Off to Amazon .com I trot to buy another. To my surprise Microsoft has a new shinier better model. Naturally I buy this new model.
Bad idea. The new model does away with this extremely useful feature and replaces it with a) an off switch for the mouse and b) a tiny USB stick which might both easily be lost and pop out of the mouse housing. Leave it in the laptop? It still ticks out too far to be practical to do so and anyway you then risk it falling out.
No! Not Like That!
This change in the new mouse design is clearly a step backwards. Brooding on my reaction I realised that much of my response is driven by expectation.
So much in life is management of expectation and companies large and small frequently over promise and under deliver when the reverse should so obviously be the goal.
Designers, engineers, human beings of the world: let us unite in our attempt to not make things worse, let’s make things better!
How do you do it?
Simple: Use your own bloody products more. If you’re “improving” a previous model, make damn sure you’ve lived with that previous product day in and day out before you start doing what you think is best to make it better. Then, just maybe the next tea pot I pick up will pour a cup of tea without ruining my mother’s doylies.
STOPPRESS: Great list of terrible designs of things here on Quora: http://www.quora.com/What-is-the-worst-piece-of-design-ever-done
Design like fashion goes in many cycles – some more obvious and visible than others. I’m no expert by far so this topic would be best explored in depth elsewhere and by someone else. However I do have a prediction and it seems to already be coming true.
After the gradients and shadows of Web 2.0, this evolved in to the slightly cleaner apple-sque finish of the iPhone and then the iPhone 4, with the retention of more subtle rounded corners but more white space and less gradient kitche – a move on from the original iPhone (above) but still of the same lineage.
The design of the new Windows Phone 7 O/S really caught my attention. It’s like a properly executed Vodafone 360 design. It reminds me of some 1970′s TV Sci-Fi programs, because of the bold but square interfaces of computer screens simulated at that time, with strong flat colours…although maybe I’m remembering incorrectly!
My prediction simply is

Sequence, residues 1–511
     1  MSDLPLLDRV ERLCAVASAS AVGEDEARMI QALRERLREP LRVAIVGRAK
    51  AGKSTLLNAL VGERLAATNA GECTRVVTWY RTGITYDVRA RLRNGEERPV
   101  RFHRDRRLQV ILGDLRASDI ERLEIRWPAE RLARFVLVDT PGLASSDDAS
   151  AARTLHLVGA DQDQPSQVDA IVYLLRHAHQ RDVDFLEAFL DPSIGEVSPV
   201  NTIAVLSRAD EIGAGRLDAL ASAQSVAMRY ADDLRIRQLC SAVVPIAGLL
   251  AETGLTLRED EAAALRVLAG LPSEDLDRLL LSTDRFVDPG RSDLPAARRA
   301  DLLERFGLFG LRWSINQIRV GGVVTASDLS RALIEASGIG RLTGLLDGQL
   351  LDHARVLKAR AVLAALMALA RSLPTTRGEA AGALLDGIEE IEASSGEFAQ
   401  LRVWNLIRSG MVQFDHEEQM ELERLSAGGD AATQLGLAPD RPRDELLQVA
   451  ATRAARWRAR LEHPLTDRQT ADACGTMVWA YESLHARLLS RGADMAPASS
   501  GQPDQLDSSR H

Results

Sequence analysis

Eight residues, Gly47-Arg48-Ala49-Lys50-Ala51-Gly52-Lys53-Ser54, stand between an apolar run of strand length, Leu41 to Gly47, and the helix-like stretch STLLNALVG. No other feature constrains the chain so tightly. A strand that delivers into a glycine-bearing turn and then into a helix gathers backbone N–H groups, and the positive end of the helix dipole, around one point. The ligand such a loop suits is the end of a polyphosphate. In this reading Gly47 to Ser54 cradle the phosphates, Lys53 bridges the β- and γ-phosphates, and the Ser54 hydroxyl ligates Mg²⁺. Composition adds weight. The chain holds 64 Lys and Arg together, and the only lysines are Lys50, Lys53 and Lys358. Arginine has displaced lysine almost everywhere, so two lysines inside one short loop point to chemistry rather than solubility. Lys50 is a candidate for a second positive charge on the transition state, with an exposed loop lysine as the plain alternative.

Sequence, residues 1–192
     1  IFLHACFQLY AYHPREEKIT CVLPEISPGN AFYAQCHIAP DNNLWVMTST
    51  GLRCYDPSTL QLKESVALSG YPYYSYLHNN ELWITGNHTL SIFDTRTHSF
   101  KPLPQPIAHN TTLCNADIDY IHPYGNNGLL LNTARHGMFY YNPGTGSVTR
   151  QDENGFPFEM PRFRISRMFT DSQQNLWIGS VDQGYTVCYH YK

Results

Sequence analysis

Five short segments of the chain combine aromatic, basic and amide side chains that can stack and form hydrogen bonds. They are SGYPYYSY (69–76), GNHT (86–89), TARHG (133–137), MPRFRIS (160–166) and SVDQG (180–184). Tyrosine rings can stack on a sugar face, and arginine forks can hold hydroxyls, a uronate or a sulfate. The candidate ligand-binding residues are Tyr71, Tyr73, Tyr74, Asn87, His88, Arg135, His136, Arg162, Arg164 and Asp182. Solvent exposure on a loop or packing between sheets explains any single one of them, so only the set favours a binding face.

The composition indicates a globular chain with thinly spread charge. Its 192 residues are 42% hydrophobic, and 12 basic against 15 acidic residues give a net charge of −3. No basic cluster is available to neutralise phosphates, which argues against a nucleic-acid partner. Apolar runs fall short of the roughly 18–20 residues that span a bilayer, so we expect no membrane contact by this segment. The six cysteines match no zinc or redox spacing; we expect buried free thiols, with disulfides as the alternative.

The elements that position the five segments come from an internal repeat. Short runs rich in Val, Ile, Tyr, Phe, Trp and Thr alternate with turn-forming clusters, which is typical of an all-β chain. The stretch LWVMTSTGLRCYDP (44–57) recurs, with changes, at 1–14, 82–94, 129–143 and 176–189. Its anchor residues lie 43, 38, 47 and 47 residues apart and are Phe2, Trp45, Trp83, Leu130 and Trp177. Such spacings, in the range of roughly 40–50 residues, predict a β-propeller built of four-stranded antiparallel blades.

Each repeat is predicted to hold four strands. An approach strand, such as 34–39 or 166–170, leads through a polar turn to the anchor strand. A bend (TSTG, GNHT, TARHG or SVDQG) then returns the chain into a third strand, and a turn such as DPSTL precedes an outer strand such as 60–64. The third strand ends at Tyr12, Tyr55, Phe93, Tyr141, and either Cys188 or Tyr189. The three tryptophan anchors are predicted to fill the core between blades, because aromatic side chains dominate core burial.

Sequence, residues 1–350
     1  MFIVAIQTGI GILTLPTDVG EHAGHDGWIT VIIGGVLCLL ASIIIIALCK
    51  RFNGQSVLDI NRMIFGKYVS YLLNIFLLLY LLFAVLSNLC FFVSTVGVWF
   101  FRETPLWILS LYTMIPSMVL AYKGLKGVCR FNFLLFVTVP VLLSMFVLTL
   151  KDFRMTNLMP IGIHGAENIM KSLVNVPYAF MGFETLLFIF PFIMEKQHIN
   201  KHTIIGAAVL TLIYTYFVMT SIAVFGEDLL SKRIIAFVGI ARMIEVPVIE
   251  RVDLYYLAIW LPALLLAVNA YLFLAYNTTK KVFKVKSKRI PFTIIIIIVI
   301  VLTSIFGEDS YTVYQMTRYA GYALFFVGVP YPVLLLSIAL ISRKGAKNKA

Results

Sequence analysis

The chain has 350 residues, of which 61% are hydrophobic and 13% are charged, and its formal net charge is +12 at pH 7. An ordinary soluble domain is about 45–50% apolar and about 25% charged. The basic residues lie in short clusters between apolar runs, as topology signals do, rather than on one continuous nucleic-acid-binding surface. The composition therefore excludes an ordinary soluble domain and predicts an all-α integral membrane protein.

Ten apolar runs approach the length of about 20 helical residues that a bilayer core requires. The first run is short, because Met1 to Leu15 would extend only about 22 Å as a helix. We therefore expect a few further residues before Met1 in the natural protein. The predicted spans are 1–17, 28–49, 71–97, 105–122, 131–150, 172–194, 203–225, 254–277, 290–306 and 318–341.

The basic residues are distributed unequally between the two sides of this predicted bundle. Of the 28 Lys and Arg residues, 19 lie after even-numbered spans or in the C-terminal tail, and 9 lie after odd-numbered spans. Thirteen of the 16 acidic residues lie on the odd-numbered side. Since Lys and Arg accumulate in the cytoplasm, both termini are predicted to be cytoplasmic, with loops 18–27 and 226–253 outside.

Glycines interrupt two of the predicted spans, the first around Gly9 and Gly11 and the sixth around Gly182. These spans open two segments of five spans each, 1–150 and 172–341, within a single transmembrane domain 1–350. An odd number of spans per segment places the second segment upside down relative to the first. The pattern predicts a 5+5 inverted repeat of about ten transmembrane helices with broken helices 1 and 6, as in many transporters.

..that people will like the Windows Phone 7 design style more than we think they will and that it may start to filter into other sites.
I was prompted to voice this opinion after seeing this nice article about a conceptual Facebook makeover in the Washington Post. Can you see any similarities, or am I barking up the wrong design tree?
What do you think?
I rarely feel compelled to write a blog post because an install process for a web or mobile app is so good, but Qik has triggered just that compulsion. Qik allows you to easily record or live stream video from your mobile phone. The list of supported phones is growing fast; and you can expect the rate of engagement to explode once the iPhone 3GS is cleared for takeoff with Qik (currently you have to jail break your phone to get it working).
The point of this post though was to highlight the process they use to install onto your phone. In brief, you have the choice of being sent an SMS (supporting multiple countries), downloading it and then installing it via your PC (or “side loading” as the industry calls it), or visiting a WAP site (a mobile website) to download from a link.
However, the important bit comes once the install process starts on the phone. I click to receive the SMS, received it immediately; I think clicked the link in the SMS, it started downloading to my phone, but crucially, updated the page automatically to tick the box that install had begun, it then confirmed when install/download had completed and then when I had fired up the app.
This might seem simple but it is VERY rare this process is used; normally the site just sends you an SMS and you go on your merry way. Closing this loop, provided you can guarantee speedy delivery of the SMS, encourages if not subtly forces the user to install the app there and then and to log in – making them feel comfortable and hand-held in the process to confirm that things are happening as they should.
A clever and slick way to help users get your mobile app onto a users handset. When we have resource to make improvements to the Rummble website, my start-up which takes the vast majority of my attentions these days, we’ll be following this user experience as its one of the best I’ve seen yet. Well done Qik!